Moderators: Random Orbital Bob, nev, CHJ, Noel, Charley

By Munty Scruntfundle
Hi folks.

I'm in to week 2 of turning now, loving it. Even come up with some bits I'm quite pleased with. Today's first go with a bit of soft saple resulted in a lovely bowl for a friend, couldn't be happier with the AC305WL lathe.

Except... Because I'm sat in a chair hollowing or negative cuts are extremely tricky and bordering on dangerous. Lathe manufacturers get around this by rotating the entire lathe by 90 on it's axis, so the bed is on the opposite side to the turner, therefore there's better access.

I could do this, but it would mean building a sturdy, steel, box section frame which would end up large and difficult to move. Far from ideal. OneWay make one, it's a small lathe but the frame is huge.

So I was thinking, it wouldn't be too difficult to make a swivel for the head, it would only be 2 round bits of aluminium, some holes and some kind of locking bolt. Sadly I don't have the metal tools to make this yet. I'd need to raise the tail stock by the same amount and chop an inch off the table legs, but that's pretty simple.

Has anyone out there done this, or thought about it? Any advice?

Many thanks.
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By Phil Pascoe
Forget it. Save your money or when you upgrade your lathe, and practice your spindle turning - you'l learn more, anyway. If you are permanently in a chair, make up a platform and ramp so you can work from a better height - the swivelling head isn't quite so critical then. It's sapele, btw. :D
By Inspector
In a similar light as the Oneway is the Vicmarc sit down lathe. Not cheap either but having a similar stand fabricated of metal or wood might suit you. ... gory_id=13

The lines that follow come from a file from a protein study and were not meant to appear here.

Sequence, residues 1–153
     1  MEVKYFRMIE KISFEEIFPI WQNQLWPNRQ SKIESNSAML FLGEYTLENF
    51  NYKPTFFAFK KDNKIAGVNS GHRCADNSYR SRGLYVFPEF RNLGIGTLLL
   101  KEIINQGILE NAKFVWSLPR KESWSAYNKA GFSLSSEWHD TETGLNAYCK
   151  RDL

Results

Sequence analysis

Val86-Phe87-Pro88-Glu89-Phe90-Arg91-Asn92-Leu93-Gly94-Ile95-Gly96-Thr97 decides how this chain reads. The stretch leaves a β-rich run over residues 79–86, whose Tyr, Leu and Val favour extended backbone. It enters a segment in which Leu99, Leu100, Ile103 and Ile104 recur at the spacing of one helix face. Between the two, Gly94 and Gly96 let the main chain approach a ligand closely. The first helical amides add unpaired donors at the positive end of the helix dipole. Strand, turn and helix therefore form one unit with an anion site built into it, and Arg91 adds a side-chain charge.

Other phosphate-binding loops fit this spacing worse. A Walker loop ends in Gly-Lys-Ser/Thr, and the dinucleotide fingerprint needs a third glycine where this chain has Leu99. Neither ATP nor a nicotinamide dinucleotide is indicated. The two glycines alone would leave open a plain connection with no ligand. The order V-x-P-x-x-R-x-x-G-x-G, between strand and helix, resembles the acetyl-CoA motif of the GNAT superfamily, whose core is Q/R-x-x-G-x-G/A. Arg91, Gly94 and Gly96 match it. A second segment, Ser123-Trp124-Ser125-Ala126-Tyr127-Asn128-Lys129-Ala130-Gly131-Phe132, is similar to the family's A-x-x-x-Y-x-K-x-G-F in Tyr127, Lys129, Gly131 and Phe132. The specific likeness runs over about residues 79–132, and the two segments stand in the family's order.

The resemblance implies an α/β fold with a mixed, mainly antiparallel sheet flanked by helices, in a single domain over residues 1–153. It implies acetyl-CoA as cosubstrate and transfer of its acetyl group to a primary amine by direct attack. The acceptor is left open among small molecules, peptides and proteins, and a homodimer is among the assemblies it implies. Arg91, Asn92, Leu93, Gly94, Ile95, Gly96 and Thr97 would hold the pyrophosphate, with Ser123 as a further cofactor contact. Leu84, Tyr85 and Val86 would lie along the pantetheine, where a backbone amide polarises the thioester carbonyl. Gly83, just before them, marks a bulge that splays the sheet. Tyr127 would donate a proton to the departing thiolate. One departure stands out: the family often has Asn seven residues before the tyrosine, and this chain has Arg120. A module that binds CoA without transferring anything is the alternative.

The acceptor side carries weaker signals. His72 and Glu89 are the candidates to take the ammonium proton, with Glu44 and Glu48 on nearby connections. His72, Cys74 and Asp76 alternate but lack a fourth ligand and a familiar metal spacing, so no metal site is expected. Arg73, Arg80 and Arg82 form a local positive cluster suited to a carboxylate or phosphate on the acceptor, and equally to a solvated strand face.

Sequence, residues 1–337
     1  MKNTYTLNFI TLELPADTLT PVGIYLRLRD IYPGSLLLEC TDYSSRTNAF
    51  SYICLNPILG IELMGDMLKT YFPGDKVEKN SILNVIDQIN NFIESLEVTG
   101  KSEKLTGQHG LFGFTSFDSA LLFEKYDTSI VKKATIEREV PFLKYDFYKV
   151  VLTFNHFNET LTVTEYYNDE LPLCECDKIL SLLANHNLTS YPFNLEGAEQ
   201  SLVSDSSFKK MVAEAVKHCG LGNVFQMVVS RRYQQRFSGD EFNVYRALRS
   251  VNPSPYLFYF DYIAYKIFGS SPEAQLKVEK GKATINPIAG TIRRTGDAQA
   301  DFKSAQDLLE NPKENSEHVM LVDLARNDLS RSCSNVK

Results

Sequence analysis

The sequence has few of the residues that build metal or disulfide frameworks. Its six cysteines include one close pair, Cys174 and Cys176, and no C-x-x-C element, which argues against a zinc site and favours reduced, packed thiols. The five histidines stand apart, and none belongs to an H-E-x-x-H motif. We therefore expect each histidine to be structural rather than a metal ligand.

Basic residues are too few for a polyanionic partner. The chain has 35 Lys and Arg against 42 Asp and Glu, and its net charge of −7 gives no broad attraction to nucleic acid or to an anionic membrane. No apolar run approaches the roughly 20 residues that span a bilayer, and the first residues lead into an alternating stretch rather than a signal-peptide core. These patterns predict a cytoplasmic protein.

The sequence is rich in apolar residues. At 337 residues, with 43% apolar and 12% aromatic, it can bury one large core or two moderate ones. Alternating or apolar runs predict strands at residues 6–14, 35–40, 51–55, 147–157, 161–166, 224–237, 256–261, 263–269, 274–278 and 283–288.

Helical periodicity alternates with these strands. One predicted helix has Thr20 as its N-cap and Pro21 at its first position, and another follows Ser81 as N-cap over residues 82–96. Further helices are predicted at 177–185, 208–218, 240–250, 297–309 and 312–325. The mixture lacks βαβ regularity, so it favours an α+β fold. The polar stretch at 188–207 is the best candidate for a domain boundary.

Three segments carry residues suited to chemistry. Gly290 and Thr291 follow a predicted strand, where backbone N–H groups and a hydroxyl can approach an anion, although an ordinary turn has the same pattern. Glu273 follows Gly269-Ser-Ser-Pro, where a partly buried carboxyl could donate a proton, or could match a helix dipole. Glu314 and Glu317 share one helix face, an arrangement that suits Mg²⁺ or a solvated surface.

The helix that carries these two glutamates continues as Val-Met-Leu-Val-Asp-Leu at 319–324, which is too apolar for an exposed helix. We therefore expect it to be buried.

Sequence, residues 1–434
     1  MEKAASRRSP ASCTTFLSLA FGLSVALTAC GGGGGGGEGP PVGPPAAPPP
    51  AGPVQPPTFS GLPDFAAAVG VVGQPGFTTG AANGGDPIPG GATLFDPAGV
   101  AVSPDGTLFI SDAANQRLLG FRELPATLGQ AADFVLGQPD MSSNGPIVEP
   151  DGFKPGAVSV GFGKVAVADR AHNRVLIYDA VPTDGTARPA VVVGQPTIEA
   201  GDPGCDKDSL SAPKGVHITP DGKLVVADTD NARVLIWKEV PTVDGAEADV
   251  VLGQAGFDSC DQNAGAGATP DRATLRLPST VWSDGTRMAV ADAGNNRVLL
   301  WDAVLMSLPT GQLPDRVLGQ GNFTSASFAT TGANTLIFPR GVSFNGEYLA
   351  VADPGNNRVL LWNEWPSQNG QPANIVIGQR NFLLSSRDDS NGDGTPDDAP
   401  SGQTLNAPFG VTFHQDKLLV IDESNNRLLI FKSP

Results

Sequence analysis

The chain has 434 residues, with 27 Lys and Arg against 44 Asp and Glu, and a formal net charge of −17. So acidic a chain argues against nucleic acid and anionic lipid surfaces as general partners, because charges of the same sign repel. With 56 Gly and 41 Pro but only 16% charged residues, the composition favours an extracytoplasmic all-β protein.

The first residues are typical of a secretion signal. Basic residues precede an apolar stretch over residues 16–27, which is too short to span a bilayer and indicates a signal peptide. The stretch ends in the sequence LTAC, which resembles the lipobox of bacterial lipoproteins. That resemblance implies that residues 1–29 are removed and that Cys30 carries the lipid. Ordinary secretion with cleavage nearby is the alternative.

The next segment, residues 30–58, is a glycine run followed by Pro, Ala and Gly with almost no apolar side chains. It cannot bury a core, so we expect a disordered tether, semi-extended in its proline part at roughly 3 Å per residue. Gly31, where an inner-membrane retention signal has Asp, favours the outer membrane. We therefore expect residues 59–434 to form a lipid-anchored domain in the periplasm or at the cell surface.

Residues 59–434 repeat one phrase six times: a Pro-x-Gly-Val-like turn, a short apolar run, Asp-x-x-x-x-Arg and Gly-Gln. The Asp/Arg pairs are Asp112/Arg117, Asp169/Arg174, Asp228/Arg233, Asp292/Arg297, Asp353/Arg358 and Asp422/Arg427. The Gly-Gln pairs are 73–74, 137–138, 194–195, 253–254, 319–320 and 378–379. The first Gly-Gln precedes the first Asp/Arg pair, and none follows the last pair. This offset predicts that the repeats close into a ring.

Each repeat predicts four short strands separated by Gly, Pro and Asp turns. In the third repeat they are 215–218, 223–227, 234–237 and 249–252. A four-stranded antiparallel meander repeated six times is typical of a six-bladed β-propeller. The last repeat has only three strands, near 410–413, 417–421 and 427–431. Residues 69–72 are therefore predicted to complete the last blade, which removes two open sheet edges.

A better solution than trying to convert your lathe to a swivel head is to by one that already has it built in. Nova make several and there are a number of other companies that have models that do the same. They are bigger but if you got a Nova and didn't use the bed extension it would be the right size for bowls and small spindle work like pens, bottle stoppers and pepper mills.
A used Nova would still have the swivel head and be less money. I does have an easy to change belt and step pulley for speed adjustments, not the DVR electronic style. The outboard turning attachment (outrigger) lets you turn bowls 29"/740mm across.

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An alternate, if you can find one similar to the Axminster AT406WL which allows you to move the headstock to near the end of the bed if you have room to approach the lathe from the tailstock end.

Way over the top cost wise I'm afraid but you may locate a pre-owned one or an older model with the same facility.
By Munty Scruntfundle
Building up platforms can be extremely dangerous for chairs, the floor needs to be the floor, so I have to modify pretty much everything purchased, or build specific tables for the smallest of machines. It's a pain, but also quite interesting.

I need to keep an eye out for a usable lathe, an upgrade hopefully with a 1 by 8 drive shaft as I've just picked up a loads of gear to fit it. I'm not sure about these adaptors, what do people make of them?

The moving head instead of swivel is actually a very good idea, do any lathes allow for chuck attachment on the back side of the drive shaft, therefore eliminating the problem completely?